Attention to detail doesn’t stop at just the food, however. Part of Pitfire’s passion lay in individualizing the restaurants and tailoring them to the areas. In fitting with the company’s focus on social responsibility, they prefer to take over existing spaces rather than develop new properties. The Costa Mesa location, once home to a Marie Callender’s Restaurant & Bakery, was retrofitted with Volkswagen-inspired booths, wood paneling reminiscent of surf vans and VW headlights that spell out the company’s name in Braille across a wall. (There’s even a speakeasy bar tucked away behind a wall that functions separately from the restaurant –– and yes, you need a password to get in.) Such local design integration won the company an architectural design award for its store in Culver City.
“Pitfire is a hybrid counter service,” Hibler says. “You order at the counter, but when you sit, you’re taken care of by staff as if you had a server.”
Why not full-service dining? “To save people time,” Hibler says. “To put a high-quality product out. If you have a family, you’ve got two kids and you come in, we all know you’ve got about 30 or 40 minutes with kids before they blow up. … The counters save families a lot of time. The counters, once you get people used to it, really (are) much more efficient.”
The company isn’t shy about attracting children and families, and while it initially took a hit on sites like Yelp for the number of kids in their stores, they wouldn’t have it any other way. A local NPR affiliate once tagged Pitfire as the place “where foodies bring their kids,” Hibler says, and that only builds the company’s brand.
After 8 p.m. though, a DJ spins vinyl and the restaurants take on a more “date
night” feel. The ability to attract multiple audiences has made it attractive not only to diners but also to investors (read on for more on Pitfire’s planned growth).
Aesthetics and product quality aside, Pitfire’s management also focuses on creating a culture not only in their communities but also for the 400 people — called “tribe members” — employed by the company. Hibler says managers earn “the upper end of the pay scale” and he dislikes the term “team.”
“We call (managers) tribal elders,” he says. “Everybody’s out in the field all the time to help do this.”
The Pitfire Web site is peppered with staff photos and videos. Tribe members are encouraged to customize their uniform shirts to the point of participating in company contests for creativity. “We value the individual,” Hibler says, “and compared to other restaurants in this genre, our people make a lot of money. … I have people who are supporting themselves working at Pitfire, and that really means a lot to us.
“Obamacare? Bring it on. Right now, I’m figuring out how to do it, not how I’m going to get around it. I’m completely committed to it because when you have something like this that you don’t dumb down to the lowest denominator, you have to have great people.”
Despite Pitfire’s success, Hibler is candid about the company’s growing pains. Within two years of opening, the brand had already expanded to include a location in a hot shopping mall and one built in a licensing deal with Universal Studios. Essentially, they fell into “the seduction of kind of believing (our) own BS at the time,” Hibler admits. “We thought (Pitfire) was for every man and everywhere, and it didn’t matter where we were going with it, so we took the mall deal. We didn’t really look at the demographics and think about who our customers were. … We knew before we finished building it that it wasn’t going to work.”
They rode it out for a year before closing that store, and found that Universal Studios didn’t have the same interests. “They wanted to sell bottled water and lemonade, and we were interested in creating,” Hibler says. After seven years, Pitfire opted not to renew their contract because they felt the location at Universal’s entertainment district was hurting their brand. “Pizza looks really simple on the outside, and it’s not,” he says. “We had to go through all these things to get us where we are today. And we’re still making little mistakes here and there. It’s when you’re not willing to acknowledge your mistakes that you get into trouble.”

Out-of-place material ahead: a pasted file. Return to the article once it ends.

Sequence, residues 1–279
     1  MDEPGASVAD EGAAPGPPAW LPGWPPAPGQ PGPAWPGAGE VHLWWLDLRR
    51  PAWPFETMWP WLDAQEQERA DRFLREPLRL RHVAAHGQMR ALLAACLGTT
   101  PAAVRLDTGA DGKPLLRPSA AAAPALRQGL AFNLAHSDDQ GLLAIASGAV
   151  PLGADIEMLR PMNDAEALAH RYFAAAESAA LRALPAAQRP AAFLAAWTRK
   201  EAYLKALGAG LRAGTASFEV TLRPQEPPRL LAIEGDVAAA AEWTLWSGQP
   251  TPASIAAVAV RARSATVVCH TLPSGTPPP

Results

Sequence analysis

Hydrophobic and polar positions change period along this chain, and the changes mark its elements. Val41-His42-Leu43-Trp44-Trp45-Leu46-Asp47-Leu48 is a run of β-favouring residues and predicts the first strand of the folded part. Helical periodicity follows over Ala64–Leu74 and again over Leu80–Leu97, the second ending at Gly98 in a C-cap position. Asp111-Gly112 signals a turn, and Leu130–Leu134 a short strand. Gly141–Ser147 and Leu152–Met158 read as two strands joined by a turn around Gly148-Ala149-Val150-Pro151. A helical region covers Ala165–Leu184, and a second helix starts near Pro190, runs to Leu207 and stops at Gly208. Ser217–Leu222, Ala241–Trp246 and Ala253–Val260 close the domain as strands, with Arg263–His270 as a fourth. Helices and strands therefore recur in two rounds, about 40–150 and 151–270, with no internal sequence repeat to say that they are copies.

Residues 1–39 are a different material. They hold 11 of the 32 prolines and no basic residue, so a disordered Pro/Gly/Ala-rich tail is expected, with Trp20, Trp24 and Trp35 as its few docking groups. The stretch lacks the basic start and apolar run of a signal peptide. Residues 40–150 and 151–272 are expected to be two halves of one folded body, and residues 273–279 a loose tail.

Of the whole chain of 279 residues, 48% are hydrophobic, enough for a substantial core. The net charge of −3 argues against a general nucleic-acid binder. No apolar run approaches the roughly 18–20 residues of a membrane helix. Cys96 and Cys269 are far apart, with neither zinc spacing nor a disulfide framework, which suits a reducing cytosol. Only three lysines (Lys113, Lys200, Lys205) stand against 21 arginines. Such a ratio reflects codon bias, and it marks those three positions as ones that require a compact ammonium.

Plenty of development companies have shown interest in helping Pitfire expand, but “we have a model in mind,” Hibler says. “We don’t think there should be a thousand Pitfires in the world, like Chipotle. We’ve turned down being in airports and (places) where we could make a lot of money to protect the integrity of our product. … I could pick any place I want to go and (developers) would be happy to find a spot for us. But we’re more focused on enriching the lives of the people who work for Pitfire and come to Pitfire. That’s a neighborhood idea. That’s a cultural idea.”
The eighth store is currently under construction in Pasadena, California, “but I call myself an anti-chain,” Hibler says. “I’m a bit of a free-spirited person … I really don’t want to put the chain label on us. If you were to tour all seven of our stores right now, you’d see that they’re all different. That’s a lot of work. It’s painful.”
He’s only slightly kidding. Focus has turned to building an infrastructure that is solid enough to allow Pitfire to grow without losing its edgy identity, but Hibler isn’t afraid to tie on an apron and cook in the kitchen when he visits stores. “I want to make sure all these people know I still know how to bring it,” he adds with a grin.
They opened three locations last year (plus a separate concept, Supurba Snack Bar) and essentially doubled the size of the company. Four more units are in the works. “I say no a lot,” Hibler says. “There’s real estate flying at us constantly.
“We’re focused on finding places where we can have a long relationship with a community (and) with people.”
A cultural battle plan is in place when entering a new community that includes finding and supporting the top fundraising events and schools and holding parties for what Hibler calls “mommy bloggers” –– all of whom generate powerful word of mouth.
You won’t find ads for the company splashed on billboards or atop taxicab signs, and they don’t coupon. “We put all the value that we can onto the plate,” Hibler says. “We don’t discount. … Our behavior is our marketing.”
The Costa Mesa store is functioning as a sort of prototype to test for self-efficiency as a regional commissary able to support several stores, and they plan to use that model in the future. They found a pair of investors and plan to first grow in California, and “I finally had to hire a grownup to run the company,” Hibler says, speaking of company CEO Carlos Bernal, but Hibler realizes that he doesn’t make any money by sitting at a desk.
“If anything, my role now is to protect the integrity of the brand of our company, and teach,” he says.
And if Hibler could give one piece of advice after 15 years in the industry?
“If you want to get in the pizza business, make the pizza the most important thing that you do,” he says. “You should want to sell pizza. It’s the most profitable food that you can make and sell in this country.”
Mandy Wolf Detwiler is managing editor at Pizza Today.